After introductions were made between the Faerie Royalty and I (I’m sorry, but I was sworn to secrecy and I cannot reveal their names to you, if I did I’m sure I’d get into all sorts unfunny trouble), Fiddler told me,
“The faeries and us need assistance with Spring.”
Stunned that such beauteous creatures could want anything from me, I nodded eagerly,
“You’ve only to ask what you need and I’ll do my very best to comply.”
It was then Aloysius’ turn,
“It’s Spring, you see. It needs to be sprung.”
Huh. Who would have guessed that? Not I.
I’ve never helped spring Spring, before. This could be fun! And what an educational experience it could turn out to be. Not a bad item to list on your resume. Not that I’m looking for a job. Not that I need one. Sorceress-In-Training, First Class, at your service. I only hope they don’t think I know what I’m doing, because I certainly do not.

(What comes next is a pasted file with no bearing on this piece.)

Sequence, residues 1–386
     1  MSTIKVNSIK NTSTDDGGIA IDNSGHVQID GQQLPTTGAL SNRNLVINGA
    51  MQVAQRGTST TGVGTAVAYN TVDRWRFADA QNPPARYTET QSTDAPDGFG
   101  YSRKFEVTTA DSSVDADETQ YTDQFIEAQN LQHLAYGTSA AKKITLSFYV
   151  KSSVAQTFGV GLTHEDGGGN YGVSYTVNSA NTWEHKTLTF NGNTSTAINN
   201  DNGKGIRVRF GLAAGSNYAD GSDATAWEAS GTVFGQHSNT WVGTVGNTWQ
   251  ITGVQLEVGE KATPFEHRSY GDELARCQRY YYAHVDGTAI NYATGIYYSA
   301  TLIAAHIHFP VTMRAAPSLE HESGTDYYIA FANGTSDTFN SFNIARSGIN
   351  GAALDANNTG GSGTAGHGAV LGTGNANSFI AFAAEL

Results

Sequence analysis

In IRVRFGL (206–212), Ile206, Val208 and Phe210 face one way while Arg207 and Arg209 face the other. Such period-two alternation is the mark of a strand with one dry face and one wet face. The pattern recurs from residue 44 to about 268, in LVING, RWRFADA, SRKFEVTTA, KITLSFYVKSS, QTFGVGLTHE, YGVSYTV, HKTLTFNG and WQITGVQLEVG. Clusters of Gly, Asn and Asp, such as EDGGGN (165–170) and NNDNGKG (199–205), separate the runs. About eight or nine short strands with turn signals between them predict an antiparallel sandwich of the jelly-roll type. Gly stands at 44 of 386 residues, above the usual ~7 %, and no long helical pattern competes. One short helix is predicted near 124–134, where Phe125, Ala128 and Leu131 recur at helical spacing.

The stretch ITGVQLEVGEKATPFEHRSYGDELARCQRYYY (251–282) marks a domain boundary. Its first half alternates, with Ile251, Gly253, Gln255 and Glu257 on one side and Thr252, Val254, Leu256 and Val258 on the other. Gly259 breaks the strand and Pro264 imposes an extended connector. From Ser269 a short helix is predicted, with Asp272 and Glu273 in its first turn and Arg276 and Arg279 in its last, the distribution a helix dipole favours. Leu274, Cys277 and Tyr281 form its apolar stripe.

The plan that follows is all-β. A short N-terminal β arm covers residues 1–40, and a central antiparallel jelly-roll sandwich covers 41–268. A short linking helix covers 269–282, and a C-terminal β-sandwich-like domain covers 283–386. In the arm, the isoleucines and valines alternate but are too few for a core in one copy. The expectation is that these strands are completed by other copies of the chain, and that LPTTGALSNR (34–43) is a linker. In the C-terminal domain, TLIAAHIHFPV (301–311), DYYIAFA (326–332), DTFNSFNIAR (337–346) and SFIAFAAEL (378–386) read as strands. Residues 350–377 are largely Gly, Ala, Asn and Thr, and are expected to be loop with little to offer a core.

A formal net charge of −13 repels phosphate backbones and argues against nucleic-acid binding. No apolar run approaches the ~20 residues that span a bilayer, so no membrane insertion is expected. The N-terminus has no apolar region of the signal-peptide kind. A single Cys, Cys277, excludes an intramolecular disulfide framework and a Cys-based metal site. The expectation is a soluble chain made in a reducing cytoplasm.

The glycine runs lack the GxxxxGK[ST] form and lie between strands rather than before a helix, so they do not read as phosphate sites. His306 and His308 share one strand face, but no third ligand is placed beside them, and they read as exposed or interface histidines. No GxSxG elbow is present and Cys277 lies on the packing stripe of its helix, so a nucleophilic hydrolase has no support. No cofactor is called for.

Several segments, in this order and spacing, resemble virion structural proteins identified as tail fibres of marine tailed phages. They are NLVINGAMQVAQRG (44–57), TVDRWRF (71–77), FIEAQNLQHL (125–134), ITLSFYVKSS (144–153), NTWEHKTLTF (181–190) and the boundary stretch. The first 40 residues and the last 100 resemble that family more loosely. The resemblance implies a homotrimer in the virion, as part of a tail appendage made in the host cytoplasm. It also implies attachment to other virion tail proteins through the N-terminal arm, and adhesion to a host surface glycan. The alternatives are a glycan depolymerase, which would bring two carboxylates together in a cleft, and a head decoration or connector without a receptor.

“Oh, it’s very simple just extremely complex,” grinned the cat.
“I’m afraid, yes, he’s correct,” Aloysius said and then gave a great sneeze.
Turning to see what the faeries made of all this, I noted that they appeared to be nodding in agreement. Though, I’d not a clue.
“If it were up, it would clearly be down,” began Fiddler.
“But if it were right, it would be equally as apparent to be left,” finished Aloysius.
“You’re confusing the poor girl. She is part human, you know,” and down swooped an Owly creature wearing a bright, swirly green and yellow witch’s hat.
“Hmm, I was wondering when you were going to turn up,” Fiddler said, still grinning, but now I could see a glint in his emerald eyes.